This article by Robert Gehrke originally appeared in the Salt Lake Tribune and can be read in its entirety here.
There’s trouble brewing. And it’s you, Utah.
For so many years, it was far too easy to feel ignored by the Utah Legislature, which always did whatever it wanted and never suffered any consequences when that was at odds with public sentiment.
So what could you do? Nearly all of the 104 lawmakers are from such safe districts, it didn’t matter. You grumbled and griped, but ultimately you took it.
It was discouraging and led too many people to just give up.
That changed in an unprecedented way in 2018. After years of legislative inaction on issues that significant majorities of Utahns wanted, we took matters into our own hands and turned out in massive numbers to vote for initiatives that expanded Medicaid, legalized medical marijuana and demanded political boundaries that don’t rob us of our representation.
Yes, even after that show of will from voters, legislators didn’t take long to rewrite the initiatives, but the point remains — Utah has expanded Medicaid and medical marijuana is legal.
But the lesson must not have stuck, because lawmakers once again defied public sentiment last month when they passed a massive, convoluted and highly unpopular tax bill that cut education funding and raised the sales tax on food.
In response, a small group of Utahns filed a referendum, seeking to gather signatures in an attempt to repeal the bill. It was bold, gutsy and — I thought — had almost zero chance at succeeding.
That’s because — even though three out of every five Utahns opposed the bill, according to a poll for The Salt Lake Tribune — legislators have erected massive barriers to the initiative process and the referendum process is even harder. The 2018 initiatives succeeded largely because they had big financial backing and organizations behind them.
This recent referendum push was a purely grassroots effort with none of those advantages. It made gathering more than 115,000 signatures, dispersed across the 29 counties in a short timeframe over the holidays when nobody is paying attention to politics, seem like a fool’s errand.
But the fools, it turns out, are pretty resourceful. Thanks in large part to the support of Harmons grocery stores, they pulled it off, and late last week the Legislature and Gov. Gary Herbert — who had gone all-in supporting the tax plan — had to fold and agree to repeal the law.
It was a stunning victory for voters and a stunning reversal from the state’s political leaders.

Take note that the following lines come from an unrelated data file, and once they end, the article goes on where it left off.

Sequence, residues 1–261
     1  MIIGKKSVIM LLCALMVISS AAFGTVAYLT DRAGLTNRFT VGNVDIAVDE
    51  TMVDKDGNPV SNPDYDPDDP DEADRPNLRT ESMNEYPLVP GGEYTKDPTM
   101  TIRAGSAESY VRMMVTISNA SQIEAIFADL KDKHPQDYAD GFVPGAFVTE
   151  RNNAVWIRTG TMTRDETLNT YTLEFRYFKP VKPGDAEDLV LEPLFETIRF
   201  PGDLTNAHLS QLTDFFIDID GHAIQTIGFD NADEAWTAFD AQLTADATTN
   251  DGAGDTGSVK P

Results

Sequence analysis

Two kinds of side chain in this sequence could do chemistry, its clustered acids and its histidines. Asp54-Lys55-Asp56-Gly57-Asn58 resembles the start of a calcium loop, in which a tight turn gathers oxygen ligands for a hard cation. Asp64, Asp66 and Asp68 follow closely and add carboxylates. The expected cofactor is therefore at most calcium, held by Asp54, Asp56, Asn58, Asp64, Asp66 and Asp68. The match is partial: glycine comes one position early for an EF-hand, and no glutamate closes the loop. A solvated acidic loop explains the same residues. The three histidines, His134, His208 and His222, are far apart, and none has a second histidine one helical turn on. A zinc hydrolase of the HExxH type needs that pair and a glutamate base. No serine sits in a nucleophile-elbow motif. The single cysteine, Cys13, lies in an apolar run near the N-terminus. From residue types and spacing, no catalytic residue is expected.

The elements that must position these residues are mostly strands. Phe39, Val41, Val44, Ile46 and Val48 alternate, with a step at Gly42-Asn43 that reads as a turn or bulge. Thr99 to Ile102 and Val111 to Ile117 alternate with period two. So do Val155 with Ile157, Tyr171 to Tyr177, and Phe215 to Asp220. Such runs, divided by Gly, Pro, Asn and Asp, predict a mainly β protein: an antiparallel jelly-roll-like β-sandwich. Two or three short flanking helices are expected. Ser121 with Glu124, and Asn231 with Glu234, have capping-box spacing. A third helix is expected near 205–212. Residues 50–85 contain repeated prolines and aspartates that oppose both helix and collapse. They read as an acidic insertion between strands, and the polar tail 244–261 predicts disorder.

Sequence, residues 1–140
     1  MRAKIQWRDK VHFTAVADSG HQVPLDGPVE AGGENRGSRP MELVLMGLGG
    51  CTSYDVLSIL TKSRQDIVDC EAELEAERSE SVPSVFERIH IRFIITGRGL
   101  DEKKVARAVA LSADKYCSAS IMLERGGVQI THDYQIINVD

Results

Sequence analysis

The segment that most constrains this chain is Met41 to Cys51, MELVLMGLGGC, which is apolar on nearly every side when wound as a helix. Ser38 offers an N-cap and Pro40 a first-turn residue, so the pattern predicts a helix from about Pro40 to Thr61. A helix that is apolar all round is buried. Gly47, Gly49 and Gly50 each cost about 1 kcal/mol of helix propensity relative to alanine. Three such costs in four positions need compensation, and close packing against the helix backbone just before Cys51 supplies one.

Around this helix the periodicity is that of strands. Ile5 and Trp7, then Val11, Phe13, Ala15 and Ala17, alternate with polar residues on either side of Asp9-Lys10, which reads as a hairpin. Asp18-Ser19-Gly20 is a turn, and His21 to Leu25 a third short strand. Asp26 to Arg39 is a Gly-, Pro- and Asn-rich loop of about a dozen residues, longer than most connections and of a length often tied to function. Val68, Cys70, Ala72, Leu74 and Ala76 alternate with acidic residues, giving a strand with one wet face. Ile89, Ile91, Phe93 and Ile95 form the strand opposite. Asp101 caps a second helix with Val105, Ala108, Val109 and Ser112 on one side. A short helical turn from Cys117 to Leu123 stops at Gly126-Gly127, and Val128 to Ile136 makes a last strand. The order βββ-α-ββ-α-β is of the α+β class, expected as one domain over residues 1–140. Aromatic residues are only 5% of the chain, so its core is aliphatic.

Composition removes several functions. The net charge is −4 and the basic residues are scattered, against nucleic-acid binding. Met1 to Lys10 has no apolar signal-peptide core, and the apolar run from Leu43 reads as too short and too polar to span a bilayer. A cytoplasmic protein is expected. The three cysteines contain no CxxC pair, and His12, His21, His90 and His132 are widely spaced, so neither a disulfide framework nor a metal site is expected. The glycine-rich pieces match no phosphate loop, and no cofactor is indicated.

My favorite line of the Utah Constitution says this: “All political power is inherent in the people.”
That sentence embodies the birthright of our democracy. It goes on to say that “all free governments are founded on [the people’s] authority for their equal protection and benefit, and they have the right to alter or reform their government as the public welfare may require.”
More than any time I can recall, Utahns are altering and reforming their government. So why stop now?
Today marks the opening of the 2020 session of the Utah Legislature. Most sessions have their own special type of chaos and sessions held in election years tend to be typically fraught.
And we all have issues we care about — education, air quality, mental health treatment, personal privacy, livable communities, liquor laws, affordable housing, criminal justice, and on and on.
In normal years, citizen activism can feel frustratingly futile. But after this tax debacle, the people, perhaps more than ever before, have the full attention of lawmakers, which means now, more than ever before, there is an incentive for you to speak up.
There is also power in numbers, so find your like-minded group — whether it’s the ACLU or Action Utah or the Libertas Institute or Utahns Against Hunger or even the Utah Eagle Forum, if that’s your thing — that can help navigate the system and amplify your voice.
Make sure that for these next 45 days of the 2020 session they hear from you on the issues you’re passionate about and — most importantly — make sure that you can’t be ignored anymore. Because now is no time to stop being trouble.